ST Global Forum: Relook traditional mindsets on life as Singapore moves forward, says Heng Swee Keat


Working adults must continue to learn, while seniors and young people have many new challenges to engage in, said Deputy Prime Minister Heng Swee Keat.
Working adults must continue to learn, while seniors and young people have many new challenges to engage in, said Deputy Prime Minister Heng Swee Keat.ST PHOTO: LIM YAOHUI

SINGAPORE - For many people, life can be divided into three simple stages: study, work, retire.

But this traditional mindset is due for a relook, said Deputy Prime Minister Heng Swee Keat on Monday (Jan 11).

Working adults must continue to learn, while both seniors and young people now have many new challenges to engage in, he said.

"How can we enable our young people to learn even better; enable our working adults to learn?" Mr Heng said at The Straits Times Global Outlook Forum. "And how do you continue to stay mentally and physically healthy and socially active as you age?"

He had been asked for his take on the challenges Singapore will face this year, and if the country will be in for another hard slog.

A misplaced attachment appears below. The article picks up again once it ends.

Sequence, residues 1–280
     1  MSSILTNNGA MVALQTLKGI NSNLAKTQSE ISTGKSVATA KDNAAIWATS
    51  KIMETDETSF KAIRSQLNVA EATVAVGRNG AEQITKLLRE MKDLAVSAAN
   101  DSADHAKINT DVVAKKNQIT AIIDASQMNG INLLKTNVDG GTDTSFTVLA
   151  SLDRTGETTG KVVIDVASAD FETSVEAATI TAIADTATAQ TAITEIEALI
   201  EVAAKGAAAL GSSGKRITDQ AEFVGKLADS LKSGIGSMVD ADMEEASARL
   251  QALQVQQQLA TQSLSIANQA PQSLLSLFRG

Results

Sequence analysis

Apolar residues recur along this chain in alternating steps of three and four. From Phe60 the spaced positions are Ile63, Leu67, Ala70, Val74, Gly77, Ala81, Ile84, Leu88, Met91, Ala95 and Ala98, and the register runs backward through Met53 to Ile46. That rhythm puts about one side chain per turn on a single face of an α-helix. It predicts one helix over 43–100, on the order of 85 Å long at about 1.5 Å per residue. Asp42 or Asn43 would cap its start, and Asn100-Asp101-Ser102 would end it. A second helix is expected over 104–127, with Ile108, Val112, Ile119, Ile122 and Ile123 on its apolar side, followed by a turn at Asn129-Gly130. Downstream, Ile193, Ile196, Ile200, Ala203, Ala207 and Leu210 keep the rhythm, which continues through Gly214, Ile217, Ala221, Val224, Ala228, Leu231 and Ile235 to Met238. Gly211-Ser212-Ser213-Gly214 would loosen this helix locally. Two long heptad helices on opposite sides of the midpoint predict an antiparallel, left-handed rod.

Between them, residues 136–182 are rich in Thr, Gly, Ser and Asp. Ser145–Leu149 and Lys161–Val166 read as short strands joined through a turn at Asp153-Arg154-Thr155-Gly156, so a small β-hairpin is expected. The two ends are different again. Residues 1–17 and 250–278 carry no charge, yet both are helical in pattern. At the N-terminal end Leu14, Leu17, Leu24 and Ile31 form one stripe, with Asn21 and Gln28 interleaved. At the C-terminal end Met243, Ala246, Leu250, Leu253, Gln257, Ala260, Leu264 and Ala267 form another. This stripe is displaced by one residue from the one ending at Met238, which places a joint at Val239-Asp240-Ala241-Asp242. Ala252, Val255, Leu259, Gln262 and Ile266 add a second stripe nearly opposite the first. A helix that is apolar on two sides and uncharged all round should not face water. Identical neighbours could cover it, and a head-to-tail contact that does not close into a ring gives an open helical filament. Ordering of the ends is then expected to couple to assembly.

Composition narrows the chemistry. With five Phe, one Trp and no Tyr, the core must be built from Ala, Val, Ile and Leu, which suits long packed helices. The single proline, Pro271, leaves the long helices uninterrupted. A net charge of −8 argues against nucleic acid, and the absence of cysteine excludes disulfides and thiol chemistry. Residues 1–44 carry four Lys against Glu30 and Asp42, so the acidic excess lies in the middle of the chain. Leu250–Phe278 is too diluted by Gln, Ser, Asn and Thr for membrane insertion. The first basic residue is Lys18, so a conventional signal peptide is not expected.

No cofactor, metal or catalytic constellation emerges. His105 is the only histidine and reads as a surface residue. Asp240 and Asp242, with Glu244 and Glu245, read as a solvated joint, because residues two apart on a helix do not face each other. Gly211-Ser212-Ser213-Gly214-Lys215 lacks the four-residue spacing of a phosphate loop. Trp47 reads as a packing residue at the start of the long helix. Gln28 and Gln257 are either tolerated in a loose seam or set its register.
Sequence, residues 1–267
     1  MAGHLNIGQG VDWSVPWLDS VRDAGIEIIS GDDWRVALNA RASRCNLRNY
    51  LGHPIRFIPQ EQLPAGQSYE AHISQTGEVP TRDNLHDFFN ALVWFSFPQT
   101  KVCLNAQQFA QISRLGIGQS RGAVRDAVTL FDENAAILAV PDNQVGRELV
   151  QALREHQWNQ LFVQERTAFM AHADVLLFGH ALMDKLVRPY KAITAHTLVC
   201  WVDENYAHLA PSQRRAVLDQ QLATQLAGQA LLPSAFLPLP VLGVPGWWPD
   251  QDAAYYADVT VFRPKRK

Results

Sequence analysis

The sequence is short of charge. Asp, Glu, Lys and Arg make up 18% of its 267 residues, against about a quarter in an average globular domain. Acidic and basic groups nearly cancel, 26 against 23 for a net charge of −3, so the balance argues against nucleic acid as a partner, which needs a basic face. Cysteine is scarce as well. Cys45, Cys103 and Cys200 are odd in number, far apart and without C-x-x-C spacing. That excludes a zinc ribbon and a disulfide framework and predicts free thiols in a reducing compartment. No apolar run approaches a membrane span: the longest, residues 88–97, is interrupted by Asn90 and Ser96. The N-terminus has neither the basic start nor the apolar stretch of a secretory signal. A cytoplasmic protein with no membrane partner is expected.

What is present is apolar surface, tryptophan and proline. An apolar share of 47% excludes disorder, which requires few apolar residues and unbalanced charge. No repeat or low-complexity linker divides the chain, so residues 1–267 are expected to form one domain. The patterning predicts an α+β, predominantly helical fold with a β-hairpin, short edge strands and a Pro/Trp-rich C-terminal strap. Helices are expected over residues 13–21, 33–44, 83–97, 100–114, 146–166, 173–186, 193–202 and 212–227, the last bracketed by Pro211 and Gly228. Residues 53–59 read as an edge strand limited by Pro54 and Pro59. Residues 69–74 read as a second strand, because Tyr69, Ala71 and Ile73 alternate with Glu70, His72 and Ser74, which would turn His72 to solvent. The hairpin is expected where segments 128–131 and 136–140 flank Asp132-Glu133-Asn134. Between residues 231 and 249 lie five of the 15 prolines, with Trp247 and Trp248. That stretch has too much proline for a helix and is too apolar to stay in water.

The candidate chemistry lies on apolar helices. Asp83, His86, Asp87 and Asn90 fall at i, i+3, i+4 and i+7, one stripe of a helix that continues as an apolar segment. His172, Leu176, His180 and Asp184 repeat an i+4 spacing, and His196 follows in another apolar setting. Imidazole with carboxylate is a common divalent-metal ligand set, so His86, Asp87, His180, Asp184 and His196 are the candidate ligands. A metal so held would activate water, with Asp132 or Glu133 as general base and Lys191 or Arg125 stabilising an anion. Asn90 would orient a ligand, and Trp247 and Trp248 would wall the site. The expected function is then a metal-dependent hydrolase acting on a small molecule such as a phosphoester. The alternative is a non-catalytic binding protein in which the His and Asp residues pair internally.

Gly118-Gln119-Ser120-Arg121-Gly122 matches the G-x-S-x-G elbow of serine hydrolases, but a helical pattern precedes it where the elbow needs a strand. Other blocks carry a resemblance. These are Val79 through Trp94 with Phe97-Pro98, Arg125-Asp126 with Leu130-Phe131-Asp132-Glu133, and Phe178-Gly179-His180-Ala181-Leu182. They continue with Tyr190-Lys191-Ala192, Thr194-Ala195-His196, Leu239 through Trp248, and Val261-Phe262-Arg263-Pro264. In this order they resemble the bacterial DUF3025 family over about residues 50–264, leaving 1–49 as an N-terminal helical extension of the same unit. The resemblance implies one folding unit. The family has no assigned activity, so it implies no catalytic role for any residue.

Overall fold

"I think this year will be better than last year, mainly because with the vaccinations, there is some hope of bringing the pandemic under some control," Mr Heng responded.

But he also noted that recurrent waves of the virus have resulted in the situation worsening overseas, even in countries and cities that had originally done well. "It is not something that we can wish away, so I would say that we need to take a very realistic approach to this."

When asked what positives came out of Singapore's experience with tackling the Covid-19 pandemic, Mr Heng, who is also Finance Minister, pointed to the Emerging Stronger Taskforce set up to study economic changes accelerated by the coronavirus.

The task force adopted a "very different approach" by establishing Alliances for Action, which brought together industry leaders, union representatives and government agencies on topics such as sustainability and digitalisation.

In the longer term, Singapore will need to grapple with two key challenges, Mr Heng said.

Its rapidly-ageing population means that it will have to look at how it can continue to take good care of seniors. The country must also focus on how to help younger Singaporeans access opportunities.

This means that part of Singapore's research agenda will go beyond human health to focus on human potential, Mr Heng said.

"So am I more optimistic?" he added. "I'll say that well, we just need to have a sort of fairly robust attitude and hope for the best, but be prepared for the worst."